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U.S. Warns Of Stronger Al-Qaeda
Administration Report Cites Havens in Pakistan

By Spencer S. Hsu and Walter Pincus
Washington Post Staff Writers
Thursday, July 12, 2007

Six years after the Bush administration declared war on al-Qaeda, the terrorist network is gaining strength and has established a safe haven in remote tribal areas of western Pakistan for training and planning attacks, according to a new Bush administration intelligence report to be discussed today at a White House meeting.

The report, a five-page threat assessment compiled by the National Counterterrorism Center, is titled "Al-Qaida Better Positioned to Strike the West," intelligence officials said. It concludes that the group has significantly rebuilt itself despite concerted U.S. attempts to smash the network.

Although the officials declined to discuss the assessment's content because it is classified, the CIA's deputy director for intelligence, John A. Kringen, told a House committee yesterday that al-Qaeda appears "to be fairly well settled into the safe haven in the ungoverned spaces of Pakistan."

"We see more training. We see more money. We see more communications," Kringen said.

U.S. counterterrorism officials said that the implications for U.S. domestic security are not immediately clear, despite a warning Tuesday by Homeland Security Secretary Michael Chertoff that reports of heightened al-Qaeda activity and public threats gave him a "gut feeling" that the country faces an increased chance of a terrorist attack this summer.

Chertoff clarified those remarks in a telephone interview yesterday, saying that what he meant to convey was "a more general, strategic sense of the threat environment," based on publicly reported information rather than secret intelligence.

It "was designed to drive strategic or policy actions, not result in some immediate operational step," Chertoff said of his warning in a Chicago Tribune interview, and "to remind people that the best on-the-ground asset we have is individuals' vigilance."

White House spokesman Tony Fratto declined to sound any alarm yesterday. "There continues to be no credible, specific intelligence to suggest that there is an imminent threat to the homeland," he said in response to questions about Chertoff's remarks.

At the same time, authorities worldwide are investigating leads arising out of the failed bombing attempts in London and Glasgow two weeks ago, which British authorities are combing for links to al-Qaeda. Since the attempts, the FBI has assembled a team of agents and analysts to focus on potential summertime threats.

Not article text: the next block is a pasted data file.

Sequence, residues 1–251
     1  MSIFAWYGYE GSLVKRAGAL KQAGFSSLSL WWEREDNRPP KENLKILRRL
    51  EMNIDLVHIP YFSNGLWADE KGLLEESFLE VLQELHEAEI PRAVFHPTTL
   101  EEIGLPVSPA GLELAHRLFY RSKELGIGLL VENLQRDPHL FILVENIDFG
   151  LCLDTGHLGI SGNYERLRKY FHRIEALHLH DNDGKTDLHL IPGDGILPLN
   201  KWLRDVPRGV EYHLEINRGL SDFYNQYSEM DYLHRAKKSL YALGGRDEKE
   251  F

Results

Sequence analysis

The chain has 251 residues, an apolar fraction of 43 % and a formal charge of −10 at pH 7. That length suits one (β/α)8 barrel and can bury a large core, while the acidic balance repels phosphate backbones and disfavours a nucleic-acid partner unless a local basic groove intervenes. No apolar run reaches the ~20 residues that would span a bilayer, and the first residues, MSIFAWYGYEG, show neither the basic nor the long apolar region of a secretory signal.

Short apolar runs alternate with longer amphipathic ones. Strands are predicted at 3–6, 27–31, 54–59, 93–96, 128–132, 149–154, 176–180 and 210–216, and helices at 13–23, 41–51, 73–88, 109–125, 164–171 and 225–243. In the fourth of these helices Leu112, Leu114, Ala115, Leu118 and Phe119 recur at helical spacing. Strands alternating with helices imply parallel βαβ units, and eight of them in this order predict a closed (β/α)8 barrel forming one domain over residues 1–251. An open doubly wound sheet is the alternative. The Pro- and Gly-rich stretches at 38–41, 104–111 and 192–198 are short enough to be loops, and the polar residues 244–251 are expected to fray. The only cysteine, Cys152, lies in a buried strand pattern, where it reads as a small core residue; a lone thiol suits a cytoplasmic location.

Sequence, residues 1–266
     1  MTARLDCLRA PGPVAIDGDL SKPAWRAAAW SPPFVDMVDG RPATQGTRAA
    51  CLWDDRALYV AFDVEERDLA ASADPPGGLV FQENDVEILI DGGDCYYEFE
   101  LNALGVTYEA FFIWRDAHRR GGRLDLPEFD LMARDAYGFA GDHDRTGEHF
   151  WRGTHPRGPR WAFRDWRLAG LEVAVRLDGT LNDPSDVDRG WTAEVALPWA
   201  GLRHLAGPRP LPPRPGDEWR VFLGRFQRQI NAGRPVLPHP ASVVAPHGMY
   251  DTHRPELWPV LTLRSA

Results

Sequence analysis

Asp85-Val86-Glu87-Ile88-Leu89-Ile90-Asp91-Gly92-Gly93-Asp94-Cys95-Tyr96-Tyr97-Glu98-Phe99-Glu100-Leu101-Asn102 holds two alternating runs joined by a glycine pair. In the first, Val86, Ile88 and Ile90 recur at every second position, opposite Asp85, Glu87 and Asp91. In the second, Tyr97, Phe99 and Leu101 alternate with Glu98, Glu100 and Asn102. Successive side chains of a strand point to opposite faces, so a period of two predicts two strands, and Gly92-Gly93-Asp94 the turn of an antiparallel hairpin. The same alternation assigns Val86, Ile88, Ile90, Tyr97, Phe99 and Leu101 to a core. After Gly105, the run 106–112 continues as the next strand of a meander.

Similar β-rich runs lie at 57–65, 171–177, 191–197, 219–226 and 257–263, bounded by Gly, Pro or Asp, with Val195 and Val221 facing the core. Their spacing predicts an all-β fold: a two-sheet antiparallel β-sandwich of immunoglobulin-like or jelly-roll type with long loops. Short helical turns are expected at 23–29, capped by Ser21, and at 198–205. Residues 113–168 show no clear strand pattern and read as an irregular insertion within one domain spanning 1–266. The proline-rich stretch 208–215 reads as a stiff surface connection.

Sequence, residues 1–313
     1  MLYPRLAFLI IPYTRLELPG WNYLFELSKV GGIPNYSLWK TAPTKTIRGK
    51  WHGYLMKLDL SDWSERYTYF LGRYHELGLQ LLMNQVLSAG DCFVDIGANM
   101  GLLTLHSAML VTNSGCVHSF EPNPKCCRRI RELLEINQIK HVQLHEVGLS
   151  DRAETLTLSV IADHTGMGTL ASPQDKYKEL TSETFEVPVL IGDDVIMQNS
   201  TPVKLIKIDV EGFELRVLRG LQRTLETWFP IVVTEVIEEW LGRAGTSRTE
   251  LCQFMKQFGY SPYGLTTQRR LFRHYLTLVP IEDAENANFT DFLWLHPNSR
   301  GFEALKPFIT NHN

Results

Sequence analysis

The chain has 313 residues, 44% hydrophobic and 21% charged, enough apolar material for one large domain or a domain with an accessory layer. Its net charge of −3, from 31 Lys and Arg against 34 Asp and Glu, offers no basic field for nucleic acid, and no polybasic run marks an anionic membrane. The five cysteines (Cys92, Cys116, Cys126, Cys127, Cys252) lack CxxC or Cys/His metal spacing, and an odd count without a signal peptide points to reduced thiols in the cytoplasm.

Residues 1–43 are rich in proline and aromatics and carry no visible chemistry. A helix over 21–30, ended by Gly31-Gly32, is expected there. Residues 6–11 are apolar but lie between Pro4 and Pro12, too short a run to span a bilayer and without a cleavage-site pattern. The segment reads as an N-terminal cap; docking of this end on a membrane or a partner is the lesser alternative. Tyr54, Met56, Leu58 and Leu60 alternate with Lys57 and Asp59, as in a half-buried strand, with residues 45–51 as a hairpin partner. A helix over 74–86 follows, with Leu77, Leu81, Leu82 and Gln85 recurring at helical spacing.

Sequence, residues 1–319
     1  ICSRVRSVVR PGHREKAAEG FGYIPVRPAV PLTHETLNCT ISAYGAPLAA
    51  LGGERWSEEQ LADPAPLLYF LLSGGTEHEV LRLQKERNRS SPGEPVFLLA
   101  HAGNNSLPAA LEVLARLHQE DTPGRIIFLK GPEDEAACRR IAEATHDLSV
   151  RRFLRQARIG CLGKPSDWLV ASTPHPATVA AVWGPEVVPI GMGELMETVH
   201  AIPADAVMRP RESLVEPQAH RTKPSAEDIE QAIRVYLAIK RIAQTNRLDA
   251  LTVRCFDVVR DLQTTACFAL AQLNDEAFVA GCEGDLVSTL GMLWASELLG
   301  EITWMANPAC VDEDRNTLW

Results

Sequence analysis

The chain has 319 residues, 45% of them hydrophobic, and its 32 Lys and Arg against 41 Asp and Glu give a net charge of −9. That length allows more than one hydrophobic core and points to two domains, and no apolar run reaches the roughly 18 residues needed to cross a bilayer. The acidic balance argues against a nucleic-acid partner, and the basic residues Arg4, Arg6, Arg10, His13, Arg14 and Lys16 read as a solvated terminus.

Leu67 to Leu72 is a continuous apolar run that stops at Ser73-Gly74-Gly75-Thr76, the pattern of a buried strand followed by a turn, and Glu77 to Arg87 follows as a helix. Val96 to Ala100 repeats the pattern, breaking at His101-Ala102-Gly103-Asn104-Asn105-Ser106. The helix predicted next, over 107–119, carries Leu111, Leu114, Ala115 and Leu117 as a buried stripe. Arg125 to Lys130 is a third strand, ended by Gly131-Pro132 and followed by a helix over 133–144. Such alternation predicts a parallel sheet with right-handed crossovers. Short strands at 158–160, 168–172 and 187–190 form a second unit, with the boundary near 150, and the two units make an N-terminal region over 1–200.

The mixed messages underscore the administration's ongoing struggle to communicate timely security warnings at a time of widespread political controversy over its past handling of terrorism-related intelligence matters.

" 'Gut feeling' doesn't help any of us," said Kerry Sleeper, homeland security adviser to Vermont Gov. Jim Douglas (R), who has worked for months with federal authorities to improve intelligence sharing as co-chairman of a National Governors Association panel. "A gut feeling is not the way to convey information to hundreds of thousands of first responders across this country that are responsible for identifying, interrupting or responding to a terrorist attack."

"Nearly six years into the war on terrorism, you would hope that we would be basing our security decisions on more than somebody's gut feeling," said Georgetown University terrorism expert Bruce Hoffman.

An aide to Chertoff declined to say if the secretary's warning was based in part on the new intelligence report. On Tuesday, Chertoff cited al-Qaeda's revived activity, recent threats and attacks the past three summers as a reason to worry that "we are in a period of increased vulnerability." But on a list of 32 suspected al-Qaeda attacks since 1995 compiled by the Memorial Institute for the Prevention of Terrorism, nine occurred from June to September.